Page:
Defendant Barnett appeals from the award of attorney fees pursuant to OCGA 13-6-11
, while plaintiffs Ronald and Bonnie Morrow cross-appeal on the ground that the same award was insufficient.
The Morrows brought a complaint against Barnett in two counts, one for specific performance of a real estate sales contract and the other for damages for breach of the sales contract. Under both counts plaintiffs sought to recover the expenses of litigation including attorney fees.
Plaintiffs had entered into the contract in November 1987 whereby they were to sell their residence to Barnett, a developer, for $120,000. As part of the agreement, Barnett deposited $5,000 as earnest money. Under the terms of the contract if purchaser Barnett defaulted then seller could elect to either require purchaser to specifically perform his obligations or retain the earnest money as liquidated damages because seller's actual damages were difficult, if not impossible, to ascertain. The contract also provided that purchaser would give seller written notice of any objection to the marketability of title. No notice was sent to plaintiffs prior to the date of closing. When the time for closing arrived, defendant refused to honor the agreement and also refused to close at a subsequent time offered by plaintiffs. Suit followed.
Barnett answered and counterclaimed on the basis of fraudulent misrepresentations. He demanded the return of his earnest money. During the pendency of the proceedings, plaintiffs obtained a buyer for their property and sold it. After discovery, they moved for summary judgment both as to their claim and as to defendant's counterclaim. The trial court held there were no grounds for the counterclaim and no basis for defendant's refusal to honor the contract. Summary judgment was granted in favor of plaintiffs as to the counterclaim and partially as to count two of their complaint. The only damage ruled recoverable was the earnest money; litigation expenses, including attorney fees, were ruled not recoverable under that count. As to count one, the court decided that specific performance had been eliminated as a remedy because of the sale of the property but that a jury issue remained regarding litigation expenses. The issue was tried by the bench by agreement, and the court awarded $6,119.
Defendant contends the court erred in holding that plaintiffs could recover expenses associated with the specific performance count of their complaint and in awarding the sum ordered.
states that expenses of litigation generally shall not be allowed as a part of the damages, but may be allowed where specially pleaded and prayed for and where defendant has acted in bad faith in making the contract, has been stubbornly litigious, or has caused plaintiff unnecessary trouble and expense. They are ancillary and recoverable only in cases where other elements of damages are recoverable. Cleary v. Southern Motors, 142 Ga. App. 163
, 165 (1) (235 SE2d 623
) (1977); Connell v. Houser, 189 Ga. App. 158
, 160 (5) (375 SE2d 136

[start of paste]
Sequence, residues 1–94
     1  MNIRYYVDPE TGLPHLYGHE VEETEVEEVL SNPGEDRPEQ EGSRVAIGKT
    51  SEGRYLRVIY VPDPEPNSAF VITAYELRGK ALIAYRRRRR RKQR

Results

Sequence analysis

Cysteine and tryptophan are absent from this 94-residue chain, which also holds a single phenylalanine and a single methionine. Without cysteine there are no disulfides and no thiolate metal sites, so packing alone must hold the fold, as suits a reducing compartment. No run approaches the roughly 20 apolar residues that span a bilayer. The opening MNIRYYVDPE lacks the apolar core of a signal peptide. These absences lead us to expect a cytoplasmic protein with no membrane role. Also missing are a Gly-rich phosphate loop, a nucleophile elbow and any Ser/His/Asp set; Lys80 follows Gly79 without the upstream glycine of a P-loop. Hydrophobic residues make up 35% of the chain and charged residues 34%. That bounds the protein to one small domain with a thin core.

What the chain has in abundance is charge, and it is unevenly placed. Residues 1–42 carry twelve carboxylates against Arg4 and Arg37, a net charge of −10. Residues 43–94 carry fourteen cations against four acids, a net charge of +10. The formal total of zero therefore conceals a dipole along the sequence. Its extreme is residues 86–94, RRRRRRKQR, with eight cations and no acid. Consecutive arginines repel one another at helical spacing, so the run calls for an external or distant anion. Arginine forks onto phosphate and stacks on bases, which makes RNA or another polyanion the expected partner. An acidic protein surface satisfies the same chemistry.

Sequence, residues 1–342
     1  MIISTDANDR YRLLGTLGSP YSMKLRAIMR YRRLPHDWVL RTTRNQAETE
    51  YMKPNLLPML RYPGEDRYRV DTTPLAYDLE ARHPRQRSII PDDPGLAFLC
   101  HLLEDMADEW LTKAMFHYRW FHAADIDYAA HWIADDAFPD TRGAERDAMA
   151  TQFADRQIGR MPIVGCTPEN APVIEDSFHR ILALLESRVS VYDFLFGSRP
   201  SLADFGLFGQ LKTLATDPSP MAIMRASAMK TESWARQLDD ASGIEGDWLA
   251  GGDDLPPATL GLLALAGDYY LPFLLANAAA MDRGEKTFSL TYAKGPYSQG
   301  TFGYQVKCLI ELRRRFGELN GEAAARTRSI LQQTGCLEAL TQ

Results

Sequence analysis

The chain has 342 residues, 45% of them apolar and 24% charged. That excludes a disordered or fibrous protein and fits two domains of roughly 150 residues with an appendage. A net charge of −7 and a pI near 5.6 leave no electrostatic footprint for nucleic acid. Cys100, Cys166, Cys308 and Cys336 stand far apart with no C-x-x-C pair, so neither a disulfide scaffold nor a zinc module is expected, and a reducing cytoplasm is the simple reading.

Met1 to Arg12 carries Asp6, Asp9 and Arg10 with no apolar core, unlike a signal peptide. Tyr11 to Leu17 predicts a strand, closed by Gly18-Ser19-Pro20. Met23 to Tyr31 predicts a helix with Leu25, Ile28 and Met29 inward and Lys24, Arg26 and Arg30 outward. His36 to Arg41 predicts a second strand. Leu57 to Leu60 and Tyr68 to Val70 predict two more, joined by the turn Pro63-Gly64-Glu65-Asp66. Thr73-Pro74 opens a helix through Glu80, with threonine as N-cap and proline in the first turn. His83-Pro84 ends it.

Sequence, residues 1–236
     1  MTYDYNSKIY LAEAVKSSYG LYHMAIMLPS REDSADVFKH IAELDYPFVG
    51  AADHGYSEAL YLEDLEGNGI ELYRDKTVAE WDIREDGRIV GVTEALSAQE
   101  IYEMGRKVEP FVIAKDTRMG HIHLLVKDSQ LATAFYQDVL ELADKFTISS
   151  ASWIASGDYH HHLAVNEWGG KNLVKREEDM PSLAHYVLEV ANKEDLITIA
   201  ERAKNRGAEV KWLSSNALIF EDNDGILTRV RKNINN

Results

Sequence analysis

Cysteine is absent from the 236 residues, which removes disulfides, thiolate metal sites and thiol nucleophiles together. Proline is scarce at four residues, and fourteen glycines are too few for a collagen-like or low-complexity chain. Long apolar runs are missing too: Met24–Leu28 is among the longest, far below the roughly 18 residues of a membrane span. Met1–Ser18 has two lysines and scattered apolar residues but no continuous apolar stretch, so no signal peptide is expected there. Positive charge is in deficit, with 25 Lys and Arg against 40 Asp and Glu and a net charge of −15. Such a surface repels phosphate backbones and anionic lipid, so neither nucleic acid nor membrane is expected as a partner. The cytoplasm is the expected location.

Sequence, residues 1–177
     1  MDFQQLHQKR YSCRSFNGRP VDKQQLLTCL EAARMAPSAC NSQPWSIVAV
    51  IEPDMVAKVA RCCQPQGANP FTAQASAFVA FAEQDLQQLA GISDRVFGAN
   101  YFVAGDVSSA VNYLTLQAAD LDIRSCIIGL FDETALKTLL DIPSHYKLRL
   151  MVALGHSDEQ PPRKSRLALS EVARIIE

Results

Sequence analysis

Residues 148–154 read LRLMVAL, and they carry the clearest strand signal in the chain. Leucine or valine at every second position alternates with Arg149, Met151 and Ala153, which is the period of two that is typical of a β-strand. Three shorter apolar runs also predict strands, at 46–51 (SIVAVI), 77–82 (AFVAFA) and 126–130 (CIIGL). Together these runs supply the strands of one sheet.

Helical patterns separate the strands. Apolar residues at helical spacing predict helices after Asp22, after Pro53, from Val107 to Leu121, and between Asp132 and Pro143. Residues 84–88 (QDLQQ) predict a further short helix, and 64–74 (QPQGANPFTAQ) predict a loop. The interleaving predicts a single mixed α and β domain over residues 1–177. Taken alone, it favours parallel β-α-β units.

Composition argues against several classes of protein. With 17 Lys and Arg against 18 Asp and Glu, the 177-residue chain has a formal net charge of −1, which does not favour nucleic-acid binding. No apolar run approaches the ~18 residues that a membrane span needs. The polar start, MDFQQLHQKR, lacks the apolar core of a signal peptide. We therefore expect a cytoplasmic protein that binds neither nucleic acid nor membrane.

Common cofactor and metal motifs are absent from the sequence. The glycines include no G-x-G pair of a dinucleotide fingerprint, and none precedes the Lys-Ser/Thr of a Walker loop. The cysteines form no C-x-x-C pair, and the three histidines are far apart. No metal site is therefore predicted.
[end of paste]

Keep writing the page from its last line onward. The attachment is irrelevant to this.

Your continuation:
) (1988); Liberty Mut. Ins. Co. v. Coburn, 132 Ga. App. 859
, 862 (209 SE2d 655
) (1974); Terry v. Wonder Seal Co., 120 Ga. App. 423 (4) (170 SE2d 745) (1969)
. As held in Willis v. Kemp, 130 Ga. App. 758
, 761(7) (204 SE2d 486
) (1974): "plaintiff was not entitled to attorney fees, for he had to recover other elements of damage before he could recover attorney fees."
The Supreme Court has permitted the recovery of attorney fees in equity cases where there was no monetary recovery but where equitable relief was granted, such as specific performance or injunction. Clayton v. Deverell, 257 Ga. 653
, 655 (4) (362 SE2d 364
) (1987); Golden v. Frazier, 244 Ga. 685
, 687 (2) (261 SE2d 703
) (1979); Adams v. Cowart, 224 Ga. 210
, 215 (6) (160 SE2d 805
) (1968). See C & S Nat. Bank v. Haskins, 254 Ga. 131
, 137 (4) (327 SE2d 192
) (1985); Jones v. Spindel, 239 Ga. 68
, 72 (3) (235 SE2d 486
) (1977); Grant v. Hart, 197 Ga. 662
, 671 (2) (30 SE2d 271
) (1944). In these cases plaintiffs prevailed and obtained the relief sought. There is no authority for the proposition that merely seeking equitable relief, which for whatever reason is unobtainable, entitles one to recovery under OCGA 13-6-11
. Plaintiffs could not recover damages for the breach and obtain specific performance; they were required to elect their remedy. Clayton, supra at 654 (3). They elected by action, eliminating specific performance and preventing a judicial determination of the issue. They did obtain relief under the count for breach, in effect an adjudication as to the escrowed earnest money, but they were not permitted attorney fees.
Because the correct principle is that plaintiffs must prevail on their basic cause of action in order to obtain litigation expenses, it was error to award attorney fees based upon the mooted specific performance count. This ruling renders moot the cross-appeal on the amount of attorney fees awarded. The Morrows did not appeal the refusal to allow attorney fees on the breach of contract count.
Edwin A. Tate II, for appellees.